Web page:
Physiotherapy for Hip & Thigh Injuries

The UK is a country with a rapidly growing elderly population, which means that there is an increasing pressure on the NHS in terms of geriatric patients presenting with injuries or illness particular to their age group. A large number of these are hip issues brought on by wear and tear. Hip injury however is not exclusive to the aging population. Your hips and the thigh beneath link your lower and upper body, and hence are a common site for injury/

Common hip injuries

Examples of commonly occurring hip and thigh injuries include:

  • Hamstring injury (Hamstring strain or pull) –The Hamstring is one of the key thigh muscles responsible for a lot of lower body motion, and is actually composed of three muscles working together to achieve hip and knee movement. This muscle is very commonly injured in sports and often in slips or falls, it occurs as the Hamstring is taken beyond its limits by either a sharp force that stretches it or the like. Sometimes the muscle tears and becomes a strain, which ranges in severity from a first degree strain (minor and affecting a few muscle fibres) to a third degree strain (ruptured muscle). Depending on the severity of the injury, symptoms can range to slight stiffness and cramp to immediate and burning pain that prevents any motion involving the muscle.
  • Osteoarthritis of the hip (Hip arthritis) – A very common ailment amongst the middle aged to elderly, it involves both inflammation and progressive degeneration of the joint. The hip is a ball and socket joint, its motion is facilitated by an enclosed capsule of a lubricating agent called Synovial fluid. Over time these elements that facilitate smooth movements wear down, until the bone of the hip (pelvis) and thigh (femur) begin to rub against one another causing painful micro-fractures. Hip arthritis can be exacerbated by exercise, but is typically a product of normal aging. Pain is the typical presentation, which centres around the hip and groin but can often radiate outwards. A physiotherapist will observe a change in gait typical of the condition.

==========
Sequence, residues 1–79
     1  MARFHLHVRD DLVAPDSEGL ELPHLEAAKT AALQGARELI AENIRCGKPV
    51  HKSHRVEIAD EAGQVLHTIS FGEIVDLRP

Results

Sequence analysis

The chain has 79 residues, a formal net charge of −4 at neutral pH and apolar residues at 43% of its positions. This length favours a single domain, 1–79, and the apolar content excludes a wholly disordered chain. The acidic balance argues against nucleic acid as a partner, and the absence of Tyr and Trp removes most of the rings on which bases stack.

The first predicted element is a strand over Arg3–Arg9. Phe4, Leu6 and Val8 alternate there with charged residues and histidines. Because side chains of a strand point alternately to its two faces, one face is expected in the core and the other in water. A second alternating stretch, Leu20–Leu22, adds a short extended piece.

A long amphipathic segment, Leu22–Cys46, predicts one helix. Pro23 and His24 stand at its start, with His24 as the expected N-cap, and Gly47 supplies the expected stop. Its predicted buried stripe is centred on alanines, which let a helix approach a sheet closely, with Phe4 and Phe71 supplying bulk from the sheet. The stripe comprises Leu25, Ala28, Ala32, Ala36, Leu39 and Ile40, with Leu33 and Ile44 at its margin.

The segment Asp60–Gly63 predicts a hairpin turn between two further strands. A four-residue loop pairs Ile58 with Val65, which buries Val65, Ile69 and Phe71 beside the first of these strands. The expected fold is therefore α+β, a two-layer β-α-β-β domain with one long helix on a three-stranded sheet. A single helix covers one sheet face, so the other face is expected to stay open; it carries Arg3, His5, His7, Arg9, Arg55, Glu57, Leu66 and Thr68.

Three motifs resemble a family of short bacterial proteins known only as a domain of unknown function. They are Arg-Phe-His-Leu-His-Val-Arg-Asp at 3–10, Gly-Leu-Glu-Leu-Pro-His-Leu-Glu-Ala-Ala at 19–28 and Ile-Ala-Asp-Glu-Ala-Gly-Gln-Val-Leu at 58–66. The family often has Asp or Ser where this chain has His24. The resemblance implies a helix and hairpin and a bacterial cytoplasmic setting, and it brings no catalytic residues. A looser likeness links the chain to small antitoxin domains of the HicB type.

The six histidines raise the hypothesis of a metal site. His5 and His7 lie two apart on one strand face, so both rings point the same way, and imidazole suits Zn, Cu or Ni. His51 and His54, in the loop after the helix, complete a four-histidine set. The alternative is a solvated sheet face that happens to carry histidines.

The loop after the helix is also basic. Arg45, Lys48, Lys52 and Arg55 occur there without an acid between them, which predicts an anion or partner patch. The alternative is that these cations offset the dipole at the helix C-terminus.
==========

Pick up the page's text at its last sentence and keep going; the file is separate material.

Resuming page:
• Hip Bursitis (Trochanteric Bursitis) – Bursitis is simply the inflammation of a fluid filled sac called the Bursa which serves to protect different tissues from friction during movement. Damage to this structure by means of either trauma or prolonged stress results in its inflammation, which presents in pain on the outside of the hip where the hip’s Bursa is located.

Physiotherapy and hip and thigh injuries

Physiotherapists conduct their own assessments using a range of manual tests established by a large body of research and practical experience, these allow for a very specific diagnosis of conditions affecting movement. Hip and thigh injuries can present with a fairly non-specific pain which doesn’t provide much diagnostic information. A physio will conduct careful manipulations and ask you to move the affected region in such a way as to establish where exactly pain is being caused and experienced. Using the data from this exam, your physio can provide a specific diagnosis, and from this determine the best course of treatment.

Hamstring injuries are treated by means of the RICE (Rest, Ice, Compression, and Elevation) protocol which reduces bleeding, hence minimising damage and reducing recovery time. Rest is vital becayse if your injury is a minor one, further trauma will exacerbate it, potentially leading to more serious and debilitating injury. Your physio will suggest stretches and exercises that increase in difficulty to correctly align the healing tissue, improve blood flow, and strengthen both the muscles that are healing and those that stabilise them. Resistance bands will be used eventually, but often your physio will suggest you wear support or compression shorts, at least initially.

Hip injuries involving inflammation (like arthritis or Bursitis discussed above) are initially treated medically by means of anti-inflammatory drugs. If the extent of the damage is severe enough to warrant surgery, than physical therapy will come after the procedure through a rehabilitation programme designed to restore functionality. The application of ice is standard practice, done in twenty minute sessions regularly throughout the day. This serves to reduce inflammation and irritation as well as relieve some pain. Similarly warm compression shorts are worn to improve blood flow and provide support.

With arthritis a physio will suggest preventative measures as well as exercise. If you are fortunate enough to get an early diagnosis, than there are many steps you can take to limit the profession of the condition. Your physio will suggest a healthy level of activity and regular stretching exercises. Everyone’s anatomy is different, and your therapist will help determine what specific movements and factors exacerbate your condition. Upon establishing these parameters, a physio will often make suggestions as to how you can adjust your posture or movement to avoid pain and further information. Small lifestyle changes like these are part of a physio’s role, and can make a huge difference in your quality of life.

Physiotherapy will also work to strengthen your Gluteal muscles located around your behind. These muscles support your hip, but in the presence of hip pain, are often disengaged and thus weaken over time. A physio will also suggest swimming and water based exercises. Running and other exercises like that place a lot of weight on your hip, while swimming itself involves no real weight bearing on the hip, and yet allows for a range of movement with some resistance.

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